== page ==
Unlike the prophetic lyrics of that old Blood, Sweat and Tears tune from 1968 — “what goes up must come down” — Bradley County’s unemployment rate in January did just the opposite.What went …
Unlike the prophetic lyrics of that old Blood, Sweat and Tears tune from 1968 — “what goes up must come down” — Bradley County’s unemployment rate in January did just the opposite.
What went down in December to a jaw-dropping 2.9 percent, went back up a month later to 3.7.
But it wasn’t unexpected, nor was Bradley alone in the seasonal jobless ascent. All 95 Tennessee counties saw increased rates, according to latest numbers reported by the state Department of Labor and Workforce Development.
Two traditional year-ending and year-beginning patterns held true: One, the community’s December figure closed 2018 tied for the year’s lowest unemployment rate, as it almost always does; and two, it went back up in January, as it almost always does.
Late-year hiring in retail trades is the conventional cause. By late October or early November, retailers start to shore up their sales floor staffs in anticipation of the holiday rush. Once the Christmas season closes, these part-time jobs fizzle and this creates the rise in joblessness each January.
At 3.7, Bradley finished in a five-way tie for the 25th lowest jobless mark in Tennessee. Sharing the mark were Bedford, Madison, Putnam and Washington counties.
Jeff McCord, TDLWD commissioner under the new Gov. Bill Lee administration, acknowledged the statewide hikes in unemployment, but offered some perspective; that being, compared to last year the 2019 numbers are still promising.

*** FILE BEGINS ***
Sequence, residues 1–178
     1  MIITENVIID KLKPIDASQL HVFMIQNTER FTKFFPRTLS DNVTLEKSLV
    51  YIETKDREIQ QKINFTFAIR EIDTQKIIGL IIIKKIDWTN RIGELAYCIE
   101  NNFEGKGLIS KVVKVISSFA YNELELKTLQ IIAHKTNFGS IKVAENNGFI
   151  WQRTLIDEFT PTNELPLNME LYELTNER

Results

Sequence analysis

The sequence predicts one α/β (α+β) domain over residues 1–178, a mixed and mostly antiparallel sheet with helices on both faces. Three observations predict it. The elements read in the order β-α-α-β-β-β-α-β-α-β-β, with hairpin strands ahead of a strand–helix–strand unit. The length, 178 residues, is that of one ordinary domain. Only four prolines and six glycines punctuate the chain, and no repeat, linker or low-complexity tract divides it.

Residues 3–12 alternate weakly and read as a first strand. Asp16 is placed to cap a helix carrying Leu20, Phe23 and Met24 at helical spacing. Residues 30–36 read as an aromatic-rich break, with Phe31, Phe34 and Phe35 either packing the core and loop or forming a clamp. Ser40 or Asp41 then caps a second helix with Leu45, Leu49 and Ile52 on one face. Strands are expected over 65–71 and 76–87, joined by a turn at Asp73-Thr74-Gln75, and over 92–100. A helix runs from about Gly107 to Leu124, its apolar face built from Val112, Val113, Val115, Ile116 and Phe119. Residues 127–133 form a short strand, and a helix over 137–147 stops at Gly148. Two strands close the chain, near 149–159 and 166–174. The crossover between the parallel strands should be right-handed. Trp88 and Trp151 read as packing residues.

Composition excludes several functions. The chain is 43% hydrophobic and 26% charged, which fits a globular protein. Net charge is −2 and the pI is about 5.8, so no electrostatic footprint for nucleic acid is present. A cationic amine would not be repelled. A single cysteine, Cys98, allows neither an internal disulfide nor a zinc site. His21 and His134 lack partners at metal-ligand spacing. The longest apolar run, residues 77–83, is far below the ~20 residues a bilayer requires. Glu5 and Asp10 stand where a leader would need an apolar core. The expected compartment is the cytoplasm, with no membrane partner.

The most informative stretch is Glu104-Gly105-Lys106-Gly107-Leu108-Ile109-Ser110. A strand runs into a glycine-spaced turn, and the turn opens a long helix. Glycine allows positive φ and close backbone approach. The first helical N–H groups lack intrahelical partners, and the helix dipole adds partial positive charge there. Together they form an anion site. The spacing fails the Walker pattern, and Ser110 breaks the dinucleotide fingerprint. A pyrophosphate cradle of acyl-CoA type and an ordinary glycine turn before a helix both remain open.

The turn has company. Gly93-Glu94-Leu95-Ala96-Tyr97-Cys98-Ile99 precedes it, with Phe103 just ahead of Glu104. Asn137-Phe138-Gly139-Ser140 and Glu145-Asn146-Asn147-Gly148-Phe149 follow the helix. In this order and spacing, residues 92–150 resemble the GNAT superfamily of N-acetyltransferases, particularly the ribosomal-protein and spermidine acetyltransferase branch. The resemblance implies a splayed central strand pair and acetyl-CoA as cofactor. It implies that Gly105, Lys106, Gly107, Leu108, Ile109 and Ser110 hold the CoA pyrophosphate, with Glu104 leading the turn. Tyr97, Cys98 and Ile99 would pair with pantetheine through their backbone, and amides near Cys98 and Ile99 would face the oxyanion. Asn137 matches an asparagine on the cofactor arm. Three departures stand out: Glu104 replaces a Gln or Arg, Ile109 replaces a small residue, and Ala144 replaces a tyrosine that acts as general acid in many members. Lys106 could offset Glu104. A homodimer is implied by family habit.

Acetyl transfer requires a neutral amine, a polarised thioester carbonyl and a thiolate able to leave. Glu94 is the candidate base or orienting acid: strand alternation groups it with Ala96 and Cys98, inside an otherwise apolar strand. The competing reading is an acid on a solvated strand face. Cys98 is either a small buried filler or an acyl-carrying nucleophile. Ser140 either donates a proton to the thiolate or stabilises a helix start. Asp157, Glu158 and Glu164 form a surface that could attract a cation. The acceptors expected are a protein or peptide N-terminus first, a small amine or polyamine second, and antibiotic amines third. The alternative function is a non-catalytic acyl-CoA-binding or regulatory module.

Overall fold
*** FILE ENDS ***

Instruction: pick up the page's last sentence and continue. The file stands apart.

“Many counties did experience an uptick in unemployment in January,” he said. “But, when you look at a year-to-year comparison, the vast majority of Tennessee’s counties had lower unemployment this year compared to January of last year.”
McCord’s assessment holds true in Bradley County whose jobless mark last January landed at 3.9 percent.
The Bradley rate, which is not seasonally adjusted, compares favorably to the non-seasonally adjusted marks at both the state and national levels. Not seasonally adjusted, the U.S. rate in January was 4.4 percent, and the Tennessee figure was 3.7.
However, once they are seasonally adjusted, the national rate for January stands at 4 percent, and the state mark is 3.3.
According to a TDLWC press release, “The statewide and national unemployment rates are seasonally adjusted to eliminate the influences of weather, holidays, the opening and closing of schools, and other recurring seasonal events from an economic time series.”
While state and national marks are seasonally adjusted each month, county numbers are not.
Although all 95 counties suffered jobless hikes, 67 recorded rates of less than 5 percent. The other 28 reported numbers ranging from 2.4 to 5.8 percent.
In the Southeast Tennessee region, Hamilton County regained its foothold as the unemployment rate leader. At 3.4 percent in January, Hamilton’s mark rose five-tenths of a point from 2.9 in December. Hamilton’s jobless rate a year ago came in at 3.8 percent.